The professor of neurology and pediatrics at University of Rochester Medical Center shared her thoughts on the 2023 MDA Clinical and Scientific Conference, and the progress made in the treatment of neuromuscular disorders.
The 2023 Muscular Dystrophy Association (MDA) Clinical and Scientific Conference, held March 19-22, in Dallas, Texas, features a range of preclinical, translational, and clinical research across neuromuscular disorders in the hopes of finding better care and treatments for the community. Among the conditions covered is Duchenne muscular dystrophy (DMD), a genetic disorder characterized by progressive muscle degeneration and weakness due to the alterations of a protein called dystrophin. Currently, all of the therapeutic strategies to restore dystrophin in patients with DMD involve semifunctional, biochemically abnormal types of dystrophins and are not the full-length protein.
With the breakthrough of Novartis’ Zolgensma in 2019, the first gene therapy to treat spinal muscular atrophy, many in the field ponder whether gene therapies could have place elsewhere. Currently, the DMD community is awaiting the FDA’s decision on delandistrogene moxeparvovec (also known as SRP-9001), Sarepta Therapeutics’ investigational gene therapy. At the meeting, Emma Ciafaloni, MD, an expert in neuromuscular diseases, gave a talk on the current and emerging gene therapies in DMD, and whether clinicians can expert more in the coming future. As part of a new iteration of NeuroVoices, Ciafaloni provided perspective on the progress made in the field, the conversations surrounding gene therapies, and the ongoing challenges that still need to be addressed.
NeurologyLive®: What stands out about MDA 2023?
Emma Ciafaloni, MD: This is one of the most focused and exciting conferences. MDA has been around for such a long time, supporting research in very rare neuromuscular diseases for many years. At this particular conference, when there are so many new treatments finally coming to patients and their families, it is very exciting. Part of the big discussions, at least in the field of Duchenne muscular dystrophy, at this conference, have been about gene therapies potentially coming into a commercial phase. But of course, there have been many other treatments that are in different phases of development. The whole field in general is at an exciting time.
What are some of the main takeaways from your presentation?
The integrated session focused on gene therapy across a variety of neuromuscular diseases. We're learning very rapidly in the field, and one of the focus is to have shared learning across diseases. We have the very successful story of gene therapy in SMA, so there has been quite a bit of learning from that first in vivo gene therapy for that disease. Now, Duchenne or limb girdle muscular dystrophy may perhaps be next to see these therapies in the near future.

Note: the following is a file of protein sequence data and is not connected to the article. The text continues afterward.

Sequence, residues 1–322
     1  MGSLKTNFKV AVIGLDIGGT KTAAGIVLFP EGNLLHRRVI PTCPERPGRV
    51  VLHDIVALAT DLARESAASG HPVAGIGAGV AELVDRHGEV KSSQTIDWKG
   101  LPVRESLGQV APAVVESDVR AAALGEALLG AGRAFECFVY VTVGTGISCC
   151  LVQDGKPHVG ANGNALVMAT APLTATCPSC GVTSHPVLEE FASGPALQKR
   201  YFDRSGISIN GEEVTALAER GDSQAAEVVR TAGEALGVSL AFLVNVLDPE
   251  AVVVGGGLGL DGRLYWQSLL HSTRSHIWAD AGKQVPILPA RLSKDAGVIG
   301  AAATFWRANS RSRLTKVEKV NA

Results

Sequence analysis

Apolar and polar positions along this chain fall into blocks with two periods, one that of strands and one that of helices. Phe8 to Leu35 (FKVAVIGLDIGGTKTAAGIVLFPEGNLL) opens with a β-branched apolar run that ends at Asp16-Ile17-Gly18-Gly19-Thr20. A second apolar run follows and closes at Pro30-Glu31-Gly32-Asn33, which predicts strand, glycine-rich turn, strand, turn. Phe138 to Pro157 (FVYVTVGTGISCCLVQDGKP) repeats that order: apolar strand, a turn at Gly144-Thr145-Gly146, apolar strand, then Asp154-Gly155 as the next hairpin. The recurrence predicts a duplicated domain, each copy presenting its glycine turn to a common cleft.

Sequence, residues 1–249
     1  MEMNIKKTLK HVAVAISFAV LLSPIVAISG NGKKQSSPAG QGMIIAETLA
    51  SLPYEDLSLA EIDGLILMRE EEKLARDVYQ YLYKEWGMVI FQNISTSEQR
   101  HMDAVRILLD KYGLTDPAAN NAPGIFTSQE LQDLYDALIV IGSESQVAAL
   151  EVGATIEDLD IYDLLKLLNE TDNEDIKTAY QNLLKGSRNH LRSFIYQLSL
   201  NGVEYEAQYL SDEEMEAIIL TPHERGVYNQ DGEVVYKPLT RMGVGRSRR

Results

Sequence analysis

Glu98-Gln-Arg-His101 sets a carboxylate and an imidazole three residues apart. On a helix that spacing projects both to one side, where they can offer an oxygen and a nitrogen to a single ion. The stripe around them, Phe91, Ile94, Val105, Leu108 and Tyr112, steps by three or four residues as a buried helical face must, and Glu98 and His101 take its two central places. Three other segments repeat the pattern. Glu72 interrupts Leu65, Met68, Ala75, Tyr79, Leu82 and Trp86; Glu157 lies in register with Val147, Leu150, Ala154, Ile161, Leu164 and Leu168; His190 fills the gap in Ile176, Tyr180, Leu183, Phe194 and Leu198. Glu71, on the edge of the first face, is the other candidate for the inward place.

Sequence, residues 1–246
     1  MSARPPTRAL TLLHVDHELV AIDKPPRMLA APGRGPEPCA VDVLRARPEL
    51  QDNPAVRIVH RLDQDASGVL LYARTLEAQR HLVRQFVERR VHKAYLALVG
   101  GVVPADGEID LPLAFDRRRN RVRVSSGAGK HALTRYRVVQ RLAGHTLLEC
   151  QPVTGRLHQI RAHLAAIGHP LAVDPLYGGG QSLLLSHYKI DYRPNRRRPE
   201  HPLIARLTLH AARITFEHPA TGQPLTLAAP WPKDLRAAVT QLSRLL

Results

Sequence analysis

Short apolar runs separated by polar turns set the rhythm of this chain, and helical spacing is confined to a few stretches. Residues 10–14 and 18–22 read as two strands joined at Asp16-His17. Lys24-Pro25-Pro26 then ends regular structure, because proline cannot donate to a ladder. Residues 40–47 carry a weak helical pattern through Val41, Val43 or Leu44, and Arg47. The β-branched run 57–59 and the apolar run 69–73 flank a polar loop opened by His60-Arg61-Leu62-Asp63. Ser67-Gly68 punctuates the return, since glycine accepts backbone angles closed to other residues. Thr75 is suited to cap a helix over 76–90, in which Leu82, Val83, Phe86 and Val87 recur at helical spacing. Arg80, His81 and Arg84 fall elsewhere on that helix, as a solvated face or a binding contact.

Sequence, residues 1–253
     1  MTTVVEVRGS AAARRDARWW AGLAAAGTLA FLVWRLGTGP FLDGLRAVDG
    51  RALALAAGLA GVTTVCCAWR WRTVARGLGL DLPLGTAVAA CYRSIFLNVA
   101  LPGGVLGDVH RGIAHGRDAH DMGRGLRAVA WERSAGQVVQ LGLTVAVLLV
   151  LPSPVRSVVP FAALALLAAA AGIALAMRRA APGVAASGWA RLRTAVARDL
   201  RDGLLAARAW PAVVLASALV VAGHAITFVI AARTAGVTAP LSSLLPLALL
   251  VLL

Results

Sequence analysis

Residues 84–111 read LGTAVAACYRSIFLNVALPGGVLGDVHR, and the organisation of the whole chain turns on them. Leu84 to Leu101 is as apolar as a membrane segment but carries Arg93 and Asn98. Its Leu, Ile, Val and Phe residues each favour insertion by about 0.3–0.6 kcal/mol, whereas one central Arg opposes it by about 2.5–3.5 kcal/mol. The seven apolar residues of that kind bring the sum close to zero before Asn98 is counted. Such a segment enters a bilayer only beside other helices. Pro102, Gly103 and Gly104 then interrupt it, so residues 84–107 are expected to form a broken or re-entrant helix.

Above all, we want to learn across diseases. In that session, I summarized where we stand in terms of gene therapies or gene-based therapies for Duchenne muscular dystrophy. It will be a review of the different program and different phases of development. There are at least 3 companies, probably more in the near future, that are going into human clinical trials for gene therapy. The closest one, or furthest in development, is Sarepta. There has been a lot of talk at this conference about the PDUFA for delandistrogene moxeparvovec (Sarepta) at the end of May, but there are other trials as well that are already in phase 3 and advancing.
Over these next 3 days, the longitudinal session also talks about how to translate gene therapy from clinical trials into real life and in the clinics. There has been a lot of brainstorming about that, which is so important to be successful in terms of access, and safety and efficacy. Once you translate into the real life, there is a whole different set of priorities.
Are there any major challenges that need more attention in the neuromuscular space?
There is still plenty of good work to be done. There are a lot of questions biologically that we are acquiring a lot of data for, but those will take time, like durability and redosing and so forth. The other important question is how to translate findings effectively and safely from clinical trials to real life clinical practice. These are rare diseases, and disease modifying treatments are so new in the field. How do we roll them out in an equitable and just way for all patients who are a candidate for this treatment. There has been quite a bit of talking about that, access to treatment. Just because a treatment is FDA approved, doesn't mean that access is going to be immediate and universally easy for all patients. That obviously opens up some ethical issues that are also on the table for clinicians to approach. How we're going to deliver this treatment to as many patients as possible in a in a just way?
Is there anything else you’d like to note?
After 50 years of amazing lab based research for gene therapy, it’s so exciting to be able to witness and read about it. I feel extremely fortunate. I know my colleagues in the field feel so privileged that we're now putting these treatments into babies, children, and seeing the reward, the results, the efficacy, and the transformative effect of this treatment in our patients. Also, the joy that these therapies bring to the patients, the family, and to us. If you had told me when I went to medical school that we will have a treatment that will make such a transformative impact, it would have been hard to believe 20, 30 years ago. Now we're really seeing extraordinary results. It's a very exciting time for the older neuromuscular experts just to be able to witness it. And for the younger experts, it probably feels very inspiring because their futures will only continue these series of successes.
Transcript edited for clarity.